December 8, 2021
Barred from the east, Thai gamblers head for Myanmar casinos
BANGKOK: No wins, no losses and no draws. All is quiet at Thailand’s border with Cambodia that is dotted with dozens of gambling dens and casinos.
Locals used to throng the area during weekends but much has changed since Cambodian rioters torched the Thai Embassy and Thai business premises in Phnom Penh on Jan 29. But it would take more than riots to stop Thai gamblers from their addiction.
Barred from the east, they are searching for Lady Luck in the south. Casinos on Myanmar’s Victoria Point Island, located close to the Ranong province, is the new magnet for gamblers. Ferry piers at Ranong were overcrowded last weekend and more people are expected next week.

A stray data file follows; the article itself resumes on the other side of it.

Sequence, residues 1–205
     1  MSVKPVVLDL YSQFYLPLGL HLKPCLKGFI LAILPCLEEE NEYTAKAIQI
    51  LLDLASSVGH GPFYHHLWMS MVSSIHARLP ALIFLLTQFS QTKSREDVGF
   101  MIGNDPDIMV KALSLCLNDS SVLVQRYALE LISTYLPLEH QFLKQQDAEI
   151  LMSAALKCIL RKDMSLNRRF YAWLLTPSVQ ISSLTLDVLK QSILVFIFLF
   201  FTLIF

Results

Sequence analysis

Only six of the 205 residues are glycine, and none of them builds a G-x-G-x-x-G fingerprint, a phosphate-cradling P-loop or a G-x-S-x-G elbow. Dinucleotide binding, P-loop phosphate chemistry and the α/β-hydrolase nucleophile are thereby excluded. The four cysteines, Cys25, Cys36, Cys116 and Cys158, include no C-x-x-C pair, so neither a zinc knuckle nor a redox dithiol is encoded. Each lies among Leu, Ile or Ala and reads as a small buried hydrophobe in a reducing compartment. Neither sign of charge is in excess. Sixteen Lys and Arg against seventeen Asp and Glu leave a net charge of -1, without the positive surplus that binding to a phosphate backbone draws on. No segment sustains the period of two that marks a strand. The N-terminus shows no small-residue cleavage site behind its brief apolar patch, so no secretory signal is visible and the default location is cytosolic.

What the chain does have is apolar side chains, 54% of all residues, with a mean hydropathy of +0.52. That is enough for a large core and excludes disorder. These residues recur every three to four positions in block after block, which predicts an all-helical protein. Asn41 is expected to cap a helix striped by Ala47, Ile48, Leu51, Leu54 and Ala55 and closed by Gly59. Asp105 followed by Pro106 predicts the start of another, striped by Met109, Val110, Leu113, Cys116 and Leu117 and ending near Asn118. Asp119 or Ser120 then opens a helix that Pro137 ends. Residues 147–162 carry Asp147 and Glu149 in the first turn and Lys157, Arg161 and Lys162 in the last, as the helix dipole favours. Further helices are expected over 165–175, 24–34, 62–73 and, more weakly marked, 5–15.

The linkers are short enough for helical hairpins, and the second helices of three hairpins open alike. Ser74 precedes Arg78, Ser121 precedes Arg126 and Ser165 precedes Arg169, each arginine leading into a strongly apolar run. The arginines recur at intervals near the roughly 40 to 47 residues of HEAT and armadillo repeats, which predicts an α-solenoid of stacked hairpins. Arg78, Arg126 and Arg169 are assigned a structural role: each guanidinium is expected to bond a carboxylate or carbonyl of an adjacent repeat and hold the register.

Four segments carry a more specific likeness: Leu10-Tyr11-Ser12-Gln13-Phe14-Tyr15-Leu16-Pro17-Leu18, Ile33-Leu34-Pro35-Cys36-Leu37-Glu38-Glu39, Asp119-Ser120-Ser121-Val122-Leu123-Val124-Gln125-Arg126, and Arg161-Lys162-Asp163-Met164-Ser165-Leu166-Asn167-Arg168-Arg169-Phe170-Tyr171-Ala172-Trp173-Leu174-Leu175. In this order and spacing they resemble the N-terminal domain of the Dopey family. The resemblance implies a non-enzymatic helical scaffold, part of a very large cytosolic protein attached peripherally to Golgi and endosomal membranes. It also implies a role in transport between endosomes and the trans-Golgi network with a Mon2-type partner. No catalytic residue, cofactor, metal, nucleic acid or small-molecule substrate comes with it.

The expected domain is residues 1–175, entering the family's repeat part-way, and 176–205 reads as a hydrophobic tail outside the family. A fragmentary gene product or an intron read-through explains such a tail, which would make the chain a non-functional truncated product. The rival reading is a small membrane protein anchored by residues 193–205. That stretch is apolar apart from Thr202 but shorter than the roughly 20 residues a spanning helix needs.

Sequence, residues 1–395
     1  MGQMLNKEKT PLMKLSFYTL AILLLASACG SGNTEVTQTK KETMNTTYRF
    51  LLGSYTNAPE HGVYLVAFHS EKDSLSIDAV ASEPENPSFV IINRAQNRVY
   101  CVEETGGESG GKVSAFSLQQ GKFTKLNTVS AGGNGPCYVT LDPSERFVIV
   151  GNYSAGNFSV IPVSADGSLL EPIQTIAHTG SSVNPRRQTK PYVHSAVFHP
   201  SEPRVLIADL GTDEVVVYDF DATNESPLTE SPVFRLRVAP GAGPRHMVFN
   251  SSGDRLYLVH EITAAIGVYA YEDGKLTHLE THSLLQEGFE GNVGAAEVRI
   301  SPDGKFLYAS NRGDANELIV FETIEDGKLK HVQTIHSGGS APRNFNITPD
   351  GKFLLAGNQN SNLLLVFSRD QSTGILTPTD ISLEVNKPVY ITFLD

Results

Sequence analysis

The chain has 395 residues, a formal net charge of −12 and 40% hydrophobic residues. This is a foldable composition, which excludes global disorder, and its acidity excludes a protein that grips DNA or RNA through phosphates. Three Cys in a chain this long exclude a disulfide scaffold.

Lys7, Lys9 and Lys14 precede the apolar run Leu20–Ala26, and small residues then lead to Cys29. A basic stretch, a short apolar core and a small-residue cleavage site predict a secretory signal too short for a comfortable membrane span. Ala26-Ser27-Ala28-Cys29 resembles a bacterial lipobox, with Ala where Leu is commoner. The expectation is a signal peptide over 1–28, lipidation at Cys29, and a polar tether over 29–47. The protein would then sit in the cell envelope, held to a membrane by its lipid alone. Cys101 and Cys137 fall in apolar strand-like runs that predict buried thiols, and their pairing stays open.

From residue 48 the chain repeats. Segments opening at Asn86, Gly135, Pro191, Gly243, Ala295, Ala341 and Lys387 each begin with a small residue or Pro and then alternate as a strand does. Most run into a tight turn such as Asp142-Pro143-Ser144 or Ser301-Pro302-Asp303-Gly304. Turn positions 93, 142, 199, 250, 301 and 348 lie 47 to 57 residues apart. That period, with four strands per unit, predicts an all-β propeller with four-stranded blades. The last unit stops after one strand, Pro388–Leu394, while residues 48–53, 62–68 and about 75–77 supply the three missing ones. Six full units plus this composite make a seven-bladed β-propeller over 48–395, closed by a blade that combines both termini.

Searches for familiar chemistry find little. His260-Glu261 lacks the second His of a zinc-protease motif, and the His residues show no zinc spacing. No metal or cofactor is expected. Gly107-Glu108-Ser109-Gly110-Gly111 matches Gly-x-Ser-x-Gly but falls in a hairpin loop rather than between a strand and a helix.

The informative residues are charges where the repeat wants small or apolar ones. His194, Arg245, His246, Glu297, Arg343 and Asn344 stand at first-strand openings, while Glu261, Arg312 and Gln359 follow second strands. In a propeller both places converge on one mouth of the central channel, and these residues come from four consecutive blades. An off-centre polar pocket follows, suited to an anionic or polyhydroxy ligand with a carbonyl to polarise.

The gambling business has taken the heaviest toll after the Thai-Cambodian border was closed in the wake of the riots. Three of the seven casinos in Poipet – Golden Crown, Star Vegas and The Princess – have already pulled down their shutters.
The other four are expected to face the same fate.
The supply of food, medicines and fuel, most of which used to come from Thailand, has also been affected.
The Thai Government has evacuated its citizens from Cambodia, downgraded diplomatic ties, sealed the border and suspended all assistance projects after the riots, which were sparked by rumours that a popular Thai television actress had allegedly insulted the Angkor Wat, Cambodia’s national icon.
The government has denied Cambodian Foreign Minister Hor Nam Hong’s request for an audience with the Thai King to apologise for the anti-Thai riots, but Prime Minister Thaksin Shinawatra said he would meet the minister.
“I want to hear what Cambodia intends to do with those who were involved in the attack, …